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|Title:||ST2 deletion increases inflammatory bone destruction in experimentally induced periapical lesions in mice|
|Abstract:||© 2015 American Association of Endodontists. Introduction ST2 is a member of the interleukin (IL)-1 receptor family, and IL-33 is its natural ligand. ST2 signaling promotes Th2 immune response in allergy, autoimmunity, and chronic inflammatory disorders, but its role in the pathogenesis of periapical lesions is unknown. The purpose of this study was to investigate whether ST2 gene deletion affects the development of experimentally induced periapical lesions in mice. Methods Pulps of mandibular molars from wild-type (WT) and ST2 knockout (ST2-/-) BALB/c mice were exposed and left open to the oral environment. After death, hemi-mandibles were isolated and prepared for histologic, immunohistochemical, and flow cytometric analysis. Results The expression of IL-33 and its receptor ST2 was higher in periapical lesions in WT mice compared with normal root apices (both P <.05). The increased periapical bone loss observed in ST2-/- mice was associated with enhanced influx of neutrophils, CD3+ CXCR3+ Th1 cells, and CD3+ CCR6+ Th17 cells and increased number of tartrate-resistant acid phosphatase+ osteoclasts (all P <.05). Furthermore, periapical lesions in ST2-/- mice contained increased percentages of T cells expressing interferon-γ, IL-17, tumor necrosis factor-α, and IL-6 (all P <.05). In comparison with WT mice, CD3+ receptor activator of nuclear factor kappa B ligand+ T cells were increased, whereas CD3+ osteoprotegerin+ T cells were decreased in the lesions of ST2-/- mice (both P <.05). Conclusions ST2 deletion increases inflammatory bone loss in experimental periapical lesions in mice, which is associated with enhanced Th1/Th17 cell mediated periapical immune responses and increased osteoclastogenesis.|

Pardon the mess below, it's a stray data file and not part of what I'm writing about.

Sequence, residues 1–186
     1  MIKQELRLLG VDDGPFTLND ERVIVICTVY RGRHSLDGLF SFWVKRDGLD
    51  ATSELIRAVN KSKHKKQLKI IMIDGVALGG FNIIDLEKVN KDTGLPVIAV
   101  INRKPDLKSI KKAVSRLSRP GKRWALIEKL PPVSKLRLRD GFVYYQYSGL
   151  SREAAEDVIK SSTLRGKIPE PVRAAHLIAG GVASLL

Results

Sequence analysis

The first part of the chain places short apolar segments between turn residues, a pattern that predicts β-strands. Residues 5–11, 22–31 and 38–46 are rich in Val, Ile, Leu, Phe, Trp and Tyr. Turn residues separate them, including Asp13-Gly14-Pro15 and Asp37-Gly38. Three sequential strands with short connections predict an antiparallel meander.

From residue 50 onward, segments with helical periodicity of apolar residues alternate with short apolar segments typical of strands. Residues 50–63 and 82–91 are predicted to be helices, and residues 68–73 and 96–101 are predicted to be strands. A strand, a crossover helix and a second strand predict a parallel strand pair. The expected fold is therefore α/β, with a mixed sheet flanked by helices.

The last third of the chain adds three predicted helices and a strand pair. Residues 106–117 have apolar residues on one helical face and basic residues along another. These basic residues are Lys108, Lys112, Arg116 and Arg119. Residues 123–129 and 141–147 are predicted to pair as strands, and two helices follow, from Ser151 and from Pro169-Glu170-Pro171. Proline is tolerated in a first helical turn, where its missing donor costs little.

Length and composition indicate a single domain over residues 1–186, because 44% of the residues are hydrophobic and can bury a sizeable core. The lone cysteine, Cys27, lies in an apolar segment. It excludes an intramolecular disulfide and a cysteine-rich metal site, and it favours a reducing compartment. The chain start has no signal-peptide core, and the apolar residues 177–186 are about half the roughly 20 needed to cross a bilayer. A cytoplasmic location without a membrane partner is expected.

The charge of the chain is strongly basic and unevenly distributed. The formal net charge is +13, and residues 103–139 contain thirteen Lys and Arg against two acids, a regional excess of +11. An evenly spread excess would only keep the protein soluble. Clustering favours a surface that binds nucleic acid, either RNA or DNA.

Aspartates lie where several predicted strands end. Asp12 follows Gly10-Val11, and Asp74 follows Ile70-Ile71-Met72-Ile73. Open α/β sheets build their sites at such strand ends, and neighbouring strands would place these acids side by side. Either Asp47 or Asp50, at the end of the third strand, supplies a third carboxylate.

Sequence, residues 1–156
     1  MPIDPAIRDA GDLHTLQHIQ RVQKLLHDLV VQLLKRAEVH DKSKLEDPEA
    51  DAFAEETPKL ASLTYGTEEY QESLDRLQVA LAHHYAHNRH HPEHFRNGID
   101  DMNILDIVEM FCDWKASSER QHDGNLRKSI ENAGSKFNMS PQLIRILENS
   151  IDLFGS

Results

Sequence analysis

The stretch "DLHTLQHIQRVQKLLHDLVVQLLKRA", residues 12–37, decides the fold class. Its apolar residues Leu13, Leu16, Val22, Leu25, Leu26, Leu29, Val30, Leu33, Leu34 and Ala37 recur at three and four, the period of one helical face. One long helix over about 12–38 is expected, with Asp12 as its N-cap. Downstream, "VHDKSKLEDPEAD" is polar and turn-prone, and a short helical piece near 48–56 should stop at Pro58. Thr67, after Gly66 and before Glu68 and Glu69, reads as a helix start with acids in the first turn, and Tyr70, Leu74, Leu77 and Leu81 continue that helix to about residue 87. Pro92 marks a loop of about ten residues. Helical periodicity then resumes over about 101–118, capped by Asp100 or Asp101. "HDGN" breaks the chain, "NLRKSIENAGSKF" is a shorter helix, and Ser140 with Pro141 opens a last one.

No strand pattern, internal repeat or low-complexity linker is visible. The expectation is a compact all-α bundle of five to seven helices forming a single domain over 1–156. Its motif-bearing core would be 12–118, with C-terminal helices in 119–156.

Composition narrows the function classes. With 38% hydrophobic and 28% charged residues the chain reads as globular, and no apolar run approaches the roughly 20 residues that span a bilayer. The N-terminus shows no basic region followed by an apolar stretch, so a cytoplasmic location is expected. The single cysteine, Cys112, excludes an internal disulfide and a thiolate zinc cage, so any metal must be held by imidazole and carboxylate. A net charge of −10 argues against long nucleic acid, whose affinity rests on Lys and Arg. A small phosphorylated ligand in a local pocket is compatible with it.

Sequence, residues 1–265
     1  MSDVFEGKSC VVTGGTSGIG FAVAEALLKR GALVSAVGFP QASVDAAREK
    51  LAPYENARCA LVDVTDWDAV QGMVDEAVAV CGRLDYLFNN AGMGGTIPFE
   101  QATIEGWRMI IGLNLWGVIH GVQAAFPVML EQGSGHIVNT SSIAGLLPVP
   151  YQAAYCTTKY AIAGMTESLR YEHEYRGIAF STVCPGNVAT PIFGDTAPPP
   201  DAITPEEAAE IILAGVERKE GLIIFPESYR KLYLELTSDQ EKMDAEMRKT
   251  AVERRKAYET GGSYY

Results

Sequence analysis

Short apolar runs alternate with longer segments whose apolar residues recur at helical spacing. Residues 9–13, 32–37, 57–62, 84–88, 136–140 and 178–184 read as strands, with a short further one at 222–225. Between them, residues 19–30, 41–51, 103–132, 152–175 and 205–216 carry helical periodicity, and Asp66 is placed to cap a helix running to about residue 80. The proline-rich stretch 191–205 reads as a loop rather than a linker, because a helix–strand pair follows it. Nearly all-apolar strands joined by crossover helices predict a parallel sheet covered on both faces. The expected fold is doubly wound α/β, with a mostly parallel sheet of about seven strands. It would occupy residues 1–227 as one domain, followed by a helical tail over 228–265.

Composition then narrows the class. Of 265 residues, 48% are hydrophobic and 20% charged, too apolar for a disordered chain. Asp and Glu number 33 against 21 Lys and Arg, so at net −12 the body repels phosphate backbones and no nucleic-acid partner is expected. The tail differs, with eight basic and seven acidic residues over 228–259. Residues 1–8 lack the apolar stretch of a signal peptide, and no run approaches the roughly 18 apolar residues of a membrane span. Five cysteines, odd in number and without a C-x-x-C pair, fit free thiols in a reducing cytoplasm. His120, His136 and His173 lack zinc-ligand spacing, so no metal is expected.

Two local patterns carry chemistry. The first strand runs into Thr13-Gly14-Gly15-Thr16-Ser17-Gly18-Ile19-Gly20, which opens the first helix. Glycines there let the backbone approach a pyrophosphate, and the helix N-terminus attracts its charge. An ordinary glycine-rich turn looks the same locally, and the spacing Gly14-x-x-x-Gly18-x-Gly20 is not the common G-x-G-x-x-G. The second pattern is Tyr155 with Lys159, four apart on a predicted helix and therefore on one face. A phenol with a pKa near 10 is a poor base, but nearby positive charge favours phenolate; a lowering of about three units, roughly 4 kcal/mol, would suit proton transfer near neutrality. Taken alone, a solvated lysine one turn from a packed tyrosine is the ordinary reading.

|Appears in Collections:||Faculty of Medical Sciences, Kragujevac|
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